11th June 2017
Eye tests, iPhones, lease maintenance packages and Data Protection – a day in the life of a fleet manager
The UK’s fleet managers are working harder than ever at a time when more and more automotive technology, legislation, safety initiatives and other challenges are appearing on the radar. Okay, it’s fair to say that being able to consolidate all vehicular, driver and other data in a centralised fleet management system takes at least some pressure off them. And yes, monitoring and improving driver safety and efficiency with the help of telematics apps has also revolutionised the role; but all manner of additional considerations seem to land on their proverbial plates almost monthly.
Take eyesight, for example, which in the UK in specific relation to driving is merely appraised by a DVSA examiner when someone takes their driving test. Thereafter, it typically rests on the candour of fleet drivers as to whether they voluntarily report any eyesight concerns to their fleet managers. This week, the European Council of Optometry and Optics published a consensus paper which identified that the UK lags behind the rest of the EU when it comes to standards for driving vision, potentially increasing risk on the road1. Health and safety law sees employers responsible for any activity deemed ‘at work’, with driving very much encompassed. Fleet management is typically a very busy role but despite cynicism from IAM RoadSmart when interviewed by BusinessCar2, perhaps it’s time in wake of the EU report for fleet managers to mandate eyesight tests at least every two years for their fleet drivers?
Many fleet managers understandably feel a warm glow after ticking the ‘maintenance’ option when signing car or van leasing contracts, expecting to be able to rely on their contract hire brokers to care for their fleets’ servicing and repair needs. The consultants at FleetCheck have recently issued advice urging fleet managers not to assume that all vehicles under their care will be being maintained appropriately3. They warn that SMEs in particular are left vulnerable in this area due to confused responsibilities and a ‘circle of assumptions’, with employers (including fleet managers), drivers and leasing brokers each assuming that someone else is keeping on top of maintenance. Leasing companies have been known to operate maintenance service and repairs on a reactive rather than proactive footing, potentially leaving employers, who are ultimately responsible for safety, in an exposed position. This has been demonstrated by the commercial vehicle operating ban recently imposed4 on the director of a building supplies firm in the Midlands, who during the public hearing stated that he left vehicle maintenance to a colleague, assuming and hoping ‘everything was alright’ and that they were ‘dealing with things satisfactorily’.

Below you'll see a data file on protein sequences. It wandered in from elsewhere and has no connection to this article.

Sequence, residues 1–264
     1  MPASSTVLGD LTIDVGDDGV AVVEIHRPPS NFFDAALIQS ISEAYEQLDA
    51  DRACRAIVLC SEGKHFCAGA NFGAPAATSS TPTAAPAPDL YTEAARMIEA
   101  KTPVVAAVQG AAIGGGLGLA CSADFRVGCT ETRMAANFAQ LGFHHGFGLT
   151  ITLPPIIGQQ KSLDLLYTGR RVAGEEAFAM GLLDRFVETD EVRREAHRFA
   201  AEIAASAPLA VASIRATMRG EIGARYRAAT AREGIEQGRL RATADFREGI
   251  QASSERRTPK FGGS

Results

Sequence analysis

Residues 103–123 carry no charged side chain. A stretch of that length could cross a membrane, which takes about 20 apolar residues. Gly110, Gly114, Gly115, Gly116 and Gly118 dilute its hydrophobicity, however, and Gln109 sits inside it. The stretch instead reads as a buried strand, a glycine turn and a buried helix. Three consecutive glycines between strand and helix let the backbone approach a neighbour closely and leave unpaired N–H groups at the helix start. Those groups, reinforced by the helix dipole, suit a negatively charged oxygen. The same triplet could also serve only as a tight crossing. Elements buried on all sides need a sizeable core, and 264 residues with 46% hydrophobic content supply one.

With connected vehicles and the adoption of telematics solutions like Appy Fleet very much in the ascendancy, fleet managers are increasingly taking steps to gear themselves up for new General Data Protection Regulation (GDPR)5 that will take effect in late May 2018. GDPR specifically focusses on technology and digitisation of data, so in addition to the large volumes of data already stored, accessed and processed by fleet managers, from drivers’ licence statuses and convictions to health information and addresses, those responsible for overseeing organisations’ vehicles will soon also need to ensure that they interact with connected vehicle-generated data compliantly.
Fuel is still one of the hottest topics in the worlds of motoring and fleet management, with many organisations striving to embrace alternatively-fuelled vehicles as quickly as possible where feasible. To add another dimension to the petrol vs. diesel vs. AFV debate, FuelGenie has recently published research identifying that businesses could cut their monthly fuel expenditure by up to 3% by encouraging or indeed specifying that their fleet drivers must use supermarket forecourts6. Okay, it’s not a huge saving but, to pinch Tesco’s motto, ‘every little helps’.
It’s still fairly common to see drivers holding mobile phones to their ears whilst in control of cars, vans and larger vehicles, despite it now thankfully being illegal. Some fleet managers may therefore be pleased to learn of the new Do Not Disturb While Driving feature integrated as part of Apple’s iOS 11, which prevents notifications popping up when an iPhone is connected to a vehicle by Apple CarPlay or Bluetooth in general. Social media, relentless emails and other apps have resulted in many of us becoming addicted to our smartphones, which is a particularly dangerous temptation for drivers. The ability for iOS 11-based phones to remain dark and silent while connected to driven vehicles is therefore universally welcome, strong support having been expressed by the AA and RAC, who have joined with the government’s THINK! road safety body to launch the campaign ‘BePhoneSmart’.
Despite the fleet management role having morphed to become more all-encompassing than ever, it’s fair to say that with continuous education, encouragement and training provided through the media and various other organisations and solutions providers, it’s certainly achievable to keep ‘at work’ drivers safe on the road.
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- Internal combustion engine developments of cheer for fleets and others not suited to plug-in adoption